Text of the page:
How to Carry Your Bible

Q. I like to carry my Bible with me, but I don't want to damage it. Do you have any suggestions about Bible covers or cases? 

A. Absolutely: Don't do it! At least, don't get one of those oversized, zip-around briefcase style thingies for toting around your Bible, a dozen different highlighters, and a year's worth of church bulletins. Or one of those frilly, lace-edged ones Holly Hobby ones. Generally speaking, avoid even the appearance of kitsch. Better to hold your Bible in your hand than to sheath it in one of those things.

Maybe I'm exaggerating for effect. But I'm kind of serious, too. When it comes to protecting your Bible, there are inelegant solutions and elegant ones. The advantage of the inelegant ones is that they're easy. The market is flooded with unattractive Bible covers and holders. Christian Book Distributors has a whole section devoted to them. I don't find any of them aesthetically pleasing, and some are downright depressing. 

So on to the elegant options:

(1) Bag with fitted pocket. This is my typical solution. I've selected briefcases with the problem of keeping a Bible intact in mind, so my current one has pockets to accommodate my "carry" Bible, the ESV Deluxe Compact in pigskin I wrote about recently, and also an Allan's ESV1 if I decide to bring one along (different pocket, of course). This requires some fussiness up front -- finding just the right bag -- but is painless going forward, since it doesn't require keeping track of a case, and doesn't look like you're carrying your Bible around in a protective sheath. This is the most elegant approach, because it gets the job done without calling attention to the fact. 

Above: On the left, my ESV Deluxe Compact is tucked into a book-sized pocket stitched inside a, well, pocket. 
On the right, an ESV3 dropped inside a big side pocket. Nothing else is in there, so it should be fine.

Now I realize that Option #1 might not seem like an answer, since it's as simple as tucking the unprotected Bible into an existing pocket. But that's what I like about it. No fuss. And to my mind, carrying a regular satchel or briefcase is a lot more practical than a standalone "Bible case," which won't have room for other stuff.

Above: The antique brown ESV3 slipped into one of the side pouches of a smaller, thinner briefcase.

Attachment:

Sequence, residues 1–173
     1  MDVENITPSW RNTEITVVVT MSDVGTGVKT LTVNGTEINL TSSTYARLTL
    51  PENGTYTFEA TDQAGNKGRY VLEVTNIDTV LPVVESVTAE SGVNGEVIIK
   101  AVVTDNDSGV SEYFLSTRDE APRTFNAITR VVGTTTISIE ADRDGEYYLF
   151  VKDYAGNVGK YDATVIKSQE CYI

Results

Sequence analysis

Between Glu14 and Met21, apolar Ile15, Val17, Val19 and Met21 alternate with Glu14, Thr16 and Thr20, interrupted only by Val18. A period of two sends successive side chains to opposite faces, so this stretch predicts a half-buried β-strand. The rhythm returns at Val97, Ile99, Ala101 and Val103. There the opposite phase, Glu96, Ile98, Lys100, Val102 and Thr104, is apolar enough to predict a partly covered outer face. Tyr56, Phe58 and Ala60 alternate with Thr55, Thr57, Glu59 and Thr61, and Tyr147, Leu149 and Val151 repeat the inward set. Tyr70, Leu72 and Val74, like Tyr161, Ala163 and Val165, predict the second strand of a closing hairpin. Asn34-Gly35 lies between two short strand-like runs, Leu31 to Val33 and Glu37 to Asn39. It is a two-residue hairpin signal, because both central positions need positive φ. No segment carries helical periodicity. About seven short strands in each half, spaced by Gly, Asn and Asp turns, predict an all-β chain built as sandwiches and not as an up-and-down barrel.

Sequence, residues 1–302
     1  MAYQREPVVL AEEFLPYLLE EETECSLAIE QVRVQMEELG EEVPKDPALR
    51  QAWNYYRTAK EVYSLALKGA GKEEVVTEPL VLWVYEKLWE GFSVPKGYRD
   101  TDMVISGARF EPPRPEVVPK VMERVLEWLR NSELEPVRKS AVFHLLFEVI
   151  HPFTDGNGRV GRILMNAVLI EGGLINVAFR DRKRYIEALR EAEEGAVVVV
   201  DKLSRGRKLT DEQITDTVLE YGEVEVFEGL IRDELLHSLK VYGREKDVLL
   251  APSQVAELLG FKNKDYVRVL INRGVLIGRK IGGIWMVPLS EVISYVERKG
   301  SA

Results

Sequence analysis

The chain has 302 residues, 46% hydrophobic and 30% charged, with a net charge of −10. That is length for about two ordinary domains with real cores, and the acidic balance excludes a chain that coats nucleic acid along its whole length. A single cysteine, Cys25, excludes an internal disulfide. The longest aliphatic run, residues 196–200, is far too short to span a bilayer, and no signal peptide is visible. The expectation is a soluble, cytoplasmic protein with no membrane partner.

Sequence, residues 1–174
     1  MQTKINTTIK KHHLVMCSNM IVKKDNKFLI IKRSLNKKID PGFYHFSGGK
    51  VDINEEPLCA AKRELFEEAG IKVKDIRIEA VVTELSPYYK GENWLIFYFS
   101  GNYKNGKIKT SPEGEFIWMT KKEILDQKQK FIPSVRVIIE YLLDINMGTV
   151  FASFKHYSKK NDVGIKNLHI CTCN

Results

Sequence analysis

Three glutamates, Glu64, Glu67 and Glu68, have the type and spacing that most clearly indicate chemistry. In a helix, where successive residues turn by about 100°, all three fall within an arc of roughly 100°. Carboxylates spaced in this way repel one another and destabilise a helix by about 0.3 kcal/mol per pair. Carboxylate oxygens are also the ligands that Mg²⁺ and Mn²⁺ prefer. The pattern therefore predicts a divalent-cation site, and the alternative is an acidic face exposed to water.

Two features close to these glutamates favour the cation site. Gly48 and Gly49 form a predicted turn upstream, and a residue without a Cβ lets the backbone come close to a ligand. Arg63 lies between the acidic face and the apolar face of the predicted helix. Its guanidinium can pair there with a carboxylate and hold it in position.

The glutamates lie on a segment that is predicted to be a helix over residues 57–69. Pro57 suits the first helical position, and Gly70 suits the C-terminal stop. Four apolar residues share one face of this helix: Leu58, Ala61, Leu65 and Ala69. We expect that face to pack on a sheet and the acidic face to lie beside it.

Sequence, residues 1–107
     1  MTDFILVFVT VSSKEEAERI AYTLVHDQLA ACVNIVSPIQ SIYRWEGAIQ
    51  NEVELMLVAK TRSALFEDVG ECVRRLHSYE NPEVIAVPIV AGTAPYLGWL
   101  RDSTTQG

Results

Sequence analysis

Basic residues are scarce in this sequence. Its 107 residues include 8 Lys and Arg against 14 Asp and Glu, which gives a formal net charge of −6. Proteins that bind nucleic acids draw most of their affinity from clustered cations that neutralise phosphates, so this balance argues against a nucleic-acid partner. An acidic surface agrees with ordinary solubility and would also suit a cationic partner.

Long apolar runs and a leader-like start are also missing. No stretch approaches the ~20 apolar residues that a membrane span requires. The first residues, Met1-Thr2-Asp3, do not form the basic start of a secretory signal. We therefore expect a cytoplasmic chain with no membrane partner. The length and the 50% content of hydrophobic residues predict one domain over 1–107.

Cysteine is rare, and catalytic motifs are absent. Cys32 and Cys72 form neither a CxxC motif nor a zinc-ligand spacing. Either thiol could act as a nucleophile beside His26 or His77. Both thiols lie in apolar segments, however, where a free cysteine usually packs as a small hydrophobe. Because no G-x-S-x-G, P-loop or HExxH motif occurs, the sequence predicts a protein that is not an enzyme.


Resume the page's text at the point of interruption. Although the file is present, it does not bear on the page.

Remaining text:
(2) Slipcase. For an added level of protection, there's always the slipcase. Cambridge used to supply their Bibles in two-part slipcases. Using the part the book slides into, you could protect your Bible from undue harm and still remove it easily. Library of America slipcases its hardbacks this way, and it's a great idea. Unfortunately, Cambridge discontinued the process. But you can make your own slipcase following instructions like these. Perhaps there are bookbinders who still make them, too?

Above: An NIV Pocket Cross Reference Bible in its slipcase. Ready for anything.

The slipcase essentially functions the way a laptop sleeve would. When you put your computer in a padded sleeve, you don't have to worry about whether your briefcase or bag has a built-in compartment. The sleeve transforms any bag into an appropriate vehicle for technology. Of course, the slipcase isn't padded, so don't get crazy with it. While the slipcase is a bit fussier than nothing at all, it gives an added level of protection if you're worried about dings and scratches.

(3) Portfolio. If you're really looking for aesthetic pleasure, you could always carry your Bible (along with pens, notebooks, etc.) in a zippered portfolio. I photographed an Allan's NIV poking out of one, and people mistook it for a high end Bible case, which is what originally sparked the idea. The nice thing about the portfolio idea is that you can use it for other applications, as a standalone case. Then, whenever you want to transport your Bible, just slip it inside for carry, or put the portfolio in a larger case. Here are a couple of links: Levenger, Papworth, Aspinal. Those are all pricey, but there are cheaper options out there. I found one in my local Staples that would do the job for not much cash. 

Above: A TNIV Reference Bible inside the Levenger portfolio.

Option #3 is really Option #1 stripped down to essentials. I don't know that getting a portfolio for the express purpose of carrying a Bible around makes a lot of sense, but if you have one already, it's a pretty effective, minimalist means of achieving the end.

(4) Custom. I'm not really a fan of the rustic look, but if you are, you might get in touch with Renaissance Art and see whether you can have one of their custom laptop bags made to fit your Bible of choice. They also offer a cafe-style bag that one reader, Edward Lyons, points out fits the Allan's ESV1 perfectly. He slips an Allan's Journal in the back pocket and is ready to go!

Above: Renaissance Art's Essential Satchel, true to its name, holds the essentials.

(5) Don't Sweat the Small Stuff. I can't bring this to a close, though, without making a quick case for doing nothing at all -- i.e., for taking no special precautions. There's a difference between use and abuse. A quality Bible is better adapted to use than the perfect bound softcovers we so readily jam into any available space, so why baby it? Sure, it costs more, but the way I see it, you're paying not to have to take special precautions. You certainly shouldn't have to go out of your way. No matter what you do, your nice Bible isn't going to remain pristine unless you leave it in the box. So bite the bullet and take some damage. You might be surprised how liberated you feel.

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While I've exhausted all the options I can think of, I'm sure there are others I've left out. If so, please share. And if you feel the urge to set me straight about Bible covers, then feel free to do so. I look forward to hearing how other people would answer the question.